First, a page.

The government's higher education policy is looking increasingly threadbare. In July the myth that trebling tuition fees would have little impact on applications to university was exploded when figures from the Universities and Colleges Admissions Service revealed a 10 per cent fall in the number of applications from UK students to study in English universities in 2012-13. Among 19- to 29-year-olds, the drop was 12 per cent, which suggests that they are being priced out of higher education.
Last week, the government's argument that £9,000-a-year tuition fees are better for poor students because they do not have to pay anything up front was found wanting as research from the Sutton Trust showed that worries about debt are deterring considerable numbers of university applications from single-parent households and older would-be students.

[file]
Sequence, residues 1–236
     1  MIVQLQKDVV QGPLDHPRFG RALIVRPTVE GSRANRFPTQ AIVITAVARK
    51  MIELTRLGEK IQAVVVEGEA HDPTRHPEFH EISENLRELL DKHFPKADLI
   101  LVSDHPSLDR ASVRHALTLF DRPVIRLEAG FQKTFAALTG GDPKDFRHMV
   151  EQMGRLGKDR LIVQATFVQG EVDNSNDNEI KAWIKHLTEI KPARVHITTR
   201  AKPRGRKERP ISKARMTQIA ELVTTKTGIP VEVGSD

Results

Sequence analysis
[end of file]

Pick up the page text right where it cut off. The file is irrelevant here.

This backed up research from the University of Oxford published in August that showed that two-fifths of sixth-formers were concerned or very concerned about debt they would incur if they applied to university.
The Sutton Trust's research also showed that the government's attempts to improve social mobility are failing as many students think it is more expensive to study at elite universities such as Oxford and Cambridge.
It seems that young people have seen through the sham of higher tuition fees, and no amount of apologies from Nick Clegg can change that.
When unemployment among young people is at record levels, it is scandalous and foolish for the government to price young people out of higher education and thus limit their life chances. This country needs all the skilled people it can get - the decline in university applications to study maths, engineering and European languages means England will continue to lag its competitors in key skills.
Martin Freedman, Head of pay, conditions and pensions, Association of Teachers and Lecturers